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Some things we can’t protect you from

While we do our best to make sure your computers are covered by anti-virus protection, and we recommend adding a further layer of “malware” protection on top of that, users still must remain vigilant to avoid clicking on links from e-mail that could compromise their account or even their network.

What I’m talking about are phishing e-mails — messages that are designed to trick you into revealing personal information, whether it’s your name, address, social security number, bank account number, or your e-mail password. On its face, a phishing e-mail may look legitimate enough, even appearing to have come from someone you know; it may even have legitimate-looking logos from Google or Adobe Acrobat or Word, etc. Taking only one second to confirm the legitimacy of any link you’re asked to click on, and even to verify the “To” address of the e-mail, will help you avoid what your anti-virus software or browser may be slow to catch on to.

Here’s an example of what happened recently to one of our clients: A user got this e-mail, clicked through to a web site that appeared to be a legitimate login to her Google account (but wasn’t), and every one of her contacts got the same e-mail appearing to have come from her, luring them into clicking the link. Here’s the e-mail as I received it “from” that user:


Two things tipped me off that this was not a legitimate e-mail: 1) the “To” address read “undisclosed recipients;” and 2) when hovering my mouse over the link in the body of the e-mail, the true destination link is revealed in the pop-up, and it didn’t have anything to do with Google Drive. So while the e-mail was telling me that I had a secure document waiting for me at Google Drive, the link actually pointed to a different site. NOTE: By the time I sat down to write this article, the site had been flagged by my browser, so here’s a screen shot posted by Symantec to illustrate how convincing the bogus site is to those who aren’t exercising vigilance:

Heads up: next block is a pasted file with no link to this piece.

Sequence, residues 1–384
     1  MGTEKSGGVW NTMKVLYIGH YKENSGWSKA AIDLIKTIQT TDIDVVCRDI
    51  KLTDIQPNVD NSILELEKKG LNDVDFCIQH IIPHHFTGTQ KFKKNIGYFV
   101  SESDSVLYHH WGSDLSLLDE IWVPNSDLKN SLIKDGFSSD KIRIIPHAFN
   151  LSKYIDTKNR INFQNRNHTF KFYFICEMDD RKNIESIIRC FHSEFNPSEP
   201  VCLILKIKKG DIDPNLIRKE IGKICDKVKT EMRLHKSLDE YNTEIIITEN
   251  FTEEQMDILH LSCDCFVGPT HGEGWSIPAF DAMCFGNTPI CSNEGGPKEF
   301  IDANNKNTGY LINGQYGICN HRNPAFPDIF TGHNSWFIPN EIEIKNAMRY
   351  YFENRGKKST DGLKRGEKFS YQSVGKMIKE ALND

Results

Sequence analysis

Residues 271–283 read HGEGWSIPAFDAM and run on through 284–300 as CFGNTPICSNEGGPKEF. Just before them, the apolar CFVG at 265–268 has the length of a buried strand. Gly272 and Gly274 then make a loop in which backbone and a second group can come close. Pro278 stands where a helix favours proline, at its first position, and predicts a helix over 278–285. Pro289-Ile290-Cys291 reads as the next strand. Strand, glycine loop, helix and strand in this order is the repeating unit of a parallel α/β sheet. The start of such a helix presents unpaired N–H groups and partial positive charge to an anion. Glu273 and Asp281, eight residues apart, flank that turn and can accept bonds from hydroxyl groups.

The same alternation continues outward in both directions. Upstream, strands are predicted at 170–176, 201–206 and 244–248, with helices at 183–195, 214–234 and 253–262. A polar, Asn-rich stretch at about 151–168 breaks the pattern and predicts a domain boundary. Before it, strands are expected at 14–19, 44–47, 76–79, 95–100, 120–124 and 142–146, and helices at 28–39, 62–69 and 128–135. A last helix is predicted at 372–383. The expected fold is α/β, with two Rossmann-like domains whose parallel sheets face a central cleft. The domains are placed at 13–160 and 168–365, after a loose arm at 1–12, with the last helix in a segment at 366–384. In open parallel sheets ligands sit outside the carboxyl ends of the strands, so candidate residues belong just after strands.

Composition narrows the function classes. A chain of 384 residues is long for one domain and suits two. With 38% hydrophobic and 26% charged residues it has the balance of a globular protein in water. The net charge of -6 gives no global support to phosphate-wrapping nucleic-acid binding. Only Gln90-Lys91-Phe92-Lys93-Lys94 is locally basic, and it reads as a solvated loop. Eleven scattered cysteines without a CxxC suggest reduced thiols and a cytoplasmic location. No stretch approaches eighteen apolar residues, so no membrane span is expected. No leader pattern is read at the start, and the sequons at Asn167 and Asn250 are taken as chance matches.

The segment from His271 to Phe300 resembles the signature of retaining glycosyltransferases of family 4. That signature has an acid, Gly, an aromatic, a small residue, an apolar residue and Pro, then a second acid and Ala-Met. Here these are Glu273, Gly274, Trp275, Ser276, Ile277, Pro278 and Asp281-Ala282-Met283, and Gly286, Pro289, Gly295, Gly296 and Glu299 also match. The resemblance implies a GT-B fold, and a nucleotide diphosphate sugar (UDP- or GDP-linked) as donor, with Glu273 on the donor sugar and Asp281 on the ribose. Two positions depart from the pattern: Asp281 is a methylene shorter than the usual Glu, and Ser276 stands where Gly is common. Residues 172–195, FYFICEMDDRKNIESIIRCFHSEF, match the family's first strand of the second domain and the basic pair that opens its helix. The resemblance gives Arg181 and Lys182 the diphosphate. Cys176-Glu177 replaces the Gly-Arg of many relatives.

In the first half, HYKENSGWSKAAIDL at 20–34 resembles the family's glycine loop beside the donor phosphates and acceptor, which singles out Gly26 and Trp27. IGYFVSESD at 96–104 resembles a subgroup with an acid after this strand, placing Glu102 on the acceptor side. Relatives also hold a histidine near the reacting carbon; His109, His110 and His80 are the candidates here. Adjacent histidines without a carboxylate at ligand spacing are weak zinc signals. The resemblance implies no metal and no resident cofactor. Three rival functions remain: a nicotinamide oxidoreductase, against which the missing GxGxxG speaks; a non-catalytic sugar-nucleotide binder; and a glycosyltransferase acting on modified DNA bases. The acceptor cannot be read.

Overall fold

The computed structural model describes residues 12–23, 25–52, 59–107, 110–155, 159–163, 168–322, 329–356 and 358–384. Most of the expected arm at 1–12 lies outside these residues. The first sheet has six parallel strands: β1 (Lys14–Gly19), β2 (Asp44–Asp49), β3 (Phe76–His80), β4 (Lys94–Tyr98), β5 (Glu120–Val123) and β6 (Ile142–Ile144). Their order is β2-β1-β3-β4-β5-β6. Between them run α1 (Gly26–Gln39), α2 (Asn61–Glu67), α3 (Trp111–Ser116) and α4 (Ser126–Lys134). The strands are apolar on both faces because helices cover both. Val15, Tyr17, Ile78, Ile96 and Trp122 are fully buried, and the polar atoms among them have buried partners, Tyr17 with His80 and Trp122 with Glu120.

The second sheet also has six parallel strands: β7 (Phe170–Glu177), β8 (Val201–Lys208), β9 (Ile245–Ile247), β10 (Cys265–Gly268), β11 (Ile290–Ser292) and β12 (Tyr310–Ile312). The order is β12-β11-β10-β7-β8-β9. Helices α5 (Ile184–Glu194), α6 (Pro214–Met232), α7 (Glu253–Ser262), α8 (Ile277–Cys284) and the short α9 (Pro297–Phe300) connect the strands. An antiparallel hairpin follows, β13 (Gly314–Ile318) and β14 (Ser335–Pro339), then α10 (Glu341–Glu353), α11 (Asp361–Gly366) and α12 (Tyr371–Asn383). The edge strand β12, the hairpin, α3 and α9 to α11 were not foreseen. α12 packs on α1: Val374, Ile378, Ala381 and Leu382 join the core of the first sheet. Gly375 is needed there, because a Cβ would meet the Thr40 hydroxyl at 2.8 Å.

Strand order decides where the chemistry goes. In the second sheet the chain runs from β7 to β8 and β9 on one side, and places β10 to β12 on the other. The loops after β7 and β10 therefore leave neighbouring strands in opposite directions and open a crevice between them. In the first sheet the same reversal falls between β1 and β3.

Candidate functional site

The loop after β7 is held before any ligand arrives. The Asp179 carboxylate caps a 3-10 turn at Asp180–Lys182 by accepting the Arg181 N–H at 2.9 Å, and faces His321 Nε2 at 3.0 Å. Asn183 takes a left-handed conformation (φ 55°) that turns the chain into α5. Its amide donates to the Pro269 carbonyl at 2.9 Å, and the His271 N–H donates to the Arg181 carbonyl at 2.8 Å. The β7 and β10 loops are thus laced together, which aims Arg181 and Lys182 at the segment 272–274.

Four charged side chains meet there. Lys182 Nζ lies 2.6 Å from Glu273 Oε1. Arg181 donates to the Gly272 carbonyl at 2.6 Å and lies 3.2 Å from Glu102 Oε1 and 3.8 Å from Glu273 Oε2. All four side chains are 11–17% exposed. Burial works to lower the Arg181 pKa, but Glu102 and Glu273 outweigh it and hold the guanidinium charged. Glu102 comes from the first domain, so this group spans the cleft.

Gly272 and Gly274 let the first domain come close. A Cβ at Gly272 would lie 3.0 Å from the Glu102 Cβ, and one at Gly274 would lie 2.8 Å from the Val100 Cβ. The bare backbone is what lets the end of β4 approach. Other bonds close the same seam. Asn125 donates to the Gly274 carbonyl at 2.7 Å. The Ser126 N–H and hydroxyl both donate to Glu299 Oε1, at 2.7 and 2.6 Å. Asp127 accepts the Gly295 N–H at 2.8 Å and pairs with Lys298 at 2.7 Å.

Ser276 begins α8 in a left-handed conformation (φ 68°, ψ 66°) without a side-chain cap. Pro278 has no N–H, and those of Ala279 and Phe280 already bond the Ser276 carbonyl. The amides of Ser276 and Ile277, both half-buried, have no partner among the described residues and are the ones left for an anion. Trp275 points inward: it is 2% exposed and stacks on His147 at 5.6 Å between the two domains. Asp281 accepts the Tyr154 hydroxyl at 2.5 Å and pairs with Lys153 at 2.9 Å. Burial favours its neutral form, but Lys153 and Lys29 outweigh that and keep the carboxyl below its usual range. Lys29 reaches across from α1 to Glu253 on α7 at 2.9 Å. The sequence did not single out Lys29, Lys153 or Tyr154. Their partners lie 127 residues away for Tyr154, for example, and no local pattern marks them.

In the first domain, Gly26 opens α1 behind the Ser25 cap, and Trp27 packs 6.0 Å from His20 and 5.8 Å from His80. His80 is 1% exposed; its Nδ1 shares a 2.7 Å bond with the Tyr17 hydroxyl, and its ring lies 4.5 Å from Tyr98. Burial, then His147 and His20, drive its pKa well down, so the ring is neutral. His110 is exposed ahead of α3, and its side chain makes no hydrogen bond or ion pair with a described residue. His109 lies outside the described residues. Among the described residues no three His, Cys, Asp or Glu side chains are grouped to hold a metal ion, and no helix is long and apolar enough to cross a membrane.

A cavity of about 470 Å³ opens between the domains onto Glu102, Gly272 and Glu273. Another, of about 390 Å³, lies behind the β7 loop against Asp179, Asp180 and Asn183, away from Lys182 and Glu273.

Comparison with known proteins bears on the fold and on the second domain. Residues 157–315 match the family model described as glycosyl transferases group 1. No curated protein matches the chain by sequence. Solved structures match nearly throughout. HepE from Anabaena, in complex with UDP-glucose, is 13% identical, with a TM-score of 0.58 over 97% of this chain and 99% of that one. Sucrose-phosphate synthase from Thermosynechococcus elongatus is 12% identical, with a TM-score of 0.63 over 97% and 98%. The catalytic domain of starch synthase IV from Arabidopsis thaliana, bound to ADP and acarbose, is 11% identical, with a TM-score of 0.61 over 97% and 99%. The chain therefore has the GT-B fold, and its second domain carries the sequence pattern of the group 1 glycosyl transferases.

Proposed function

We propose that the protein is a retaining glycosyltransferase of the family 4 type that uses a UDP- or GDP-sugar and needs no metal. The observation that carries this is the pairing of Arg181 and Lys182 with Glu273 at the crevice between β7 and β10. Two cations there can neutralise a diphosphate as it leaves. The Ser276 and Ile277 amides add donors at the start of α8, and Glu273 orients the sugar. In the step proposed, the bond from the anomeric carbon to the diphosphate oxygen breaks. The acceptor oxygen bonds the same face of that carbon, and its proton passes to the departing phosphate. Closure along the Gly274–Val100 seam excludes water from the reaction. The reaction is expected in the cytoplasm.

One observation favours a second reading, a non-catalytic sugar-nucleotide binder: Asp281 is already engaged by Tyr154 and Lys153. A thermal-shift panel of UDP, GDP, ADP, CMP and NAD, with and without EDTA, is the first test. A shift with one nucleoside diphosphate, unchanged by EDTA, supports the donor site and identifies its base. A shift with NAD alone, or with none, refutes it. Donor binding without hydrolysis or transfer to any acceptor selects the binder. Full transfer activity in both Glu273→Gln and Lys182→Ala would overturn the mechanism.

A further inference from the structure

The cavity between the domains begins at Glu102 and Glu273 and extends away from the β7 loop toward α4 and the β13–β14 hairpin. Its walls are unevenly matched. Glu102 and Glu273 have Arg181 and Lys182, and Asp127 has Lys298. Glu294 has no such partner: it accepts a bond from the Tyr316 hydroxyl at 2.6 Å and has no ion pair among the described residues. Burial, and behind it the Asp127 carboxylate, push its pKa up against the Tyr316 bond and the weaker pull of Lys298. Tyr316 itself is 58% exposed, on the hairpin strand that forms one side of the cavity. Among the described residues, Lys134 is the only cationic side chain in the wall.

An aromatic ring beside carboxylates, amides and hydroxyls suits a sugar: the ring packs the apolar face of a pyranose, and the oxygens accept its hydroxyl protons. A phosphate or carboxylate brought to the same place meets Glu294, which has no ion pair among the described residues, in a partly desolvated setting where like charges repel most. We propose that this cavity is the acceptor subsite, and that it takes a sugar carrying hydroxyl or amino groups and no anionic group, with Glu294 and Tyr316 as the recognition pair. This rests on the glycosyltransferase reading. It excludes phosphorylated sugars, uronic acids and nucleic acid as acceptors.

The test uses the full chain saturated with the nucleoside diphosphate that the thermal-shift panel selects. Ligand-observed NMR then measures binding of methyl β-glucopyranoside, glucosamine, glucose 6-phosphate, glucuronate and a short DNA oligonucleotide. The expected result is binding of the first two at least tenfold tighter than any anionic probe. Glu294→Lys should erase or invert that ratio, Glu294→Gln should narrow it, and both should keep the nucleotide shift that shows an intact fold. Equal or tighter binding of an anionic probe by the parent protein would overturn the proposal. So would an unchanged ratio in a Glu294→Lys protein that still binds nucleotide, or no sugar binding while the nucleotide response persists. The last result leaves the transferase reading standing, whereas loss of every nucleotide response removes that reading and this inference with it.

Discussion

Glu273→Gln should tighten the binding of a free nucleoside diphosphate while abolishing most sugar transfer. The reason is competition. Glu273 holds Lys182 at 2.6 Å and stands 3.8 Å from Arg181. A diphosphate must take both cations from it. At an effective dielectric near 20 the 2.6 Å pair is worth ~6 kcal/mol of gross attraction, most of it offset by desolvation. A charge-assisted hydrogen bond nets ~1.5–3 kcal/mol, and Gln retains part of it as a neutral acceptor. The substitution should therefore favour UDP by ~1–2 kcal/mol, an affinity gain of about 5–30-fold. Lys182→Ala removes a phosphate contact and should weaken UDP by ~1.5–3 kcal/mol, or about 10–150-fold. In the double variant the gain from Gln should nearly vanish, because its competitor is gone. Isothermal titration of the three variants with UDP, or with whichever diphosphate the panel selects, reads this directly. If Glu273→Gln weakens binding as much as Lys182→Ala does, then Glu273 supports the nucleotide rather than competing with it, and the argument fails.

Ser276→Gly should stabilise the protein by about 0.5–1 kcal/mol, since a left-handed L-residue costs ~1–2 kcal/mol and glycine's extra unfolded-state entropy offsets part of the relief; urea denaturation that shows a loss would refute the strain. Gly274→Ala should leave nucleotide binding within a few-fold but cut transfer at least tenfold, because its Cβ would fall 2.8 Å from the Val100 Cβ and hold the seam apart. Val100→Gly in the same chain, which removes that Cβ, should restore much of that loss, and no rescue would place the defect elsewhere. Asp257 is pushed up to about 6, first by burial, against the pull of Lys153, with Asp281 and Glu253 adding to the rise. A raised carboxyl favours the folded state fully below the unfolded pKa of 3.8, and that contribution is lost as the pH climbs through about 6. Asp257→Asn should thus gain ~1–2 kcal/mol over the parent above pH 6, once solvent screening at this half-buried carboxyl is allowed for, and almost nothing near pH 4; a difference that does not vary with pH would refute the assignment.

And that’s the point of this article, that attackers are getting very sophisticated in luring people into clicking when they shouldn’t. Good anti-virus software will — and even your web browser may — have a component that warns you if you try to visit a web site that has a confirmed threat reputation. New phishing sites are constantly being created, and it takes time before a threat reputation materializes. However quickly that detection happens, people can get caught during that brief window when it hasn’t yet been detected, and that’s what happened to this user. This is why users should still exercise caution before blindly clicking links in e-mail — yes, even from people they know.

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